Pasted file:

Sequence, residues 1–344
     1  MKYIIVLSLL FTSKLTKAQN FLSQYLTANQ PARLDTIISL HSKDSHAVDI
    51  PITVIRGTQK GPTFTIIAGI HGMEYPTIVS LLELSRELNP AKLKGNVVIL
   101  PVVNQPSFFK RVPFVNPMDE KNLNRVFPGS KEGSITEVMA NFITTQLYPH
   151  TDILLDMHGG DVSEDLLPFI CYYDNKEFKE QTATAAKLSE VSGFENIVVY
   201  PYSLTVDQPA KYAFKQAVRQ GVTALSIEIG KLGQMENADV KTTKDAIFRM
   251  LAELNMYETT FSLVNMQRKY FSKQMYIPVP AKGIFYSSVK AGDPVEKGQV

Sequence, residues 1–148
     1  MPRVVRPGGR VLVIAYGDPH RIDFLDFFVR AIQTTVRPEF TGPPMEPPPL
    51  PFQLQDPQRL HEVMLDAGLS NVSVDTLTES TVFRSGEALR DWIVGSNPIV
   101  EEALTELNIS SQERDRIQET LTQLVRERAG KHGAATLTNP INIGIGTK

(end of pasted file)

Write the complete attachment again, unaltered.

Sequence, residues 1–344
     1  MKYIIVLSLL FTSKLTKAQN FLSQYLTANQ PARLDTIISL HSKDSHAVDI
    51  PITVIRGTQK GPTFTIIAGI HGMEYPTIVS LLELSRELNP AKLKGNVVIL
   101  PVVNQPSFFK RVPFVNPMDE KNLNRVFPGS KEGSITEVMA NFITTQLYPH
   151  TDILLDMHGG DVSEDLLPFI CYYDNKEFKE QTATAAKLSE VSGFENIVVY
   201  PYSLTVDQPA KYAFKQAVRQ GVTALSIEIG KLGQMENADV KTTKDAIFRM
   251  LAELNMYETT FSLVNMQRKY FSKQMYIPVP AKGIFYSSVK AGDPVEKGQV

Sequence, residues 1–148
     1  MPRVVRPGGR VLVIAYGDPH RIDFLDFFVR AIQTTVRPEF TGPPMEPPPL
    51  PFQLQDPQRL HEVMLDAGLS NVSVDTLTES TVFRSGEALR DWIVGSNPIV
   101  EEALTELNIS SQERDRIQET LTQLVRERAG KHGAATLTNP INIGIGTK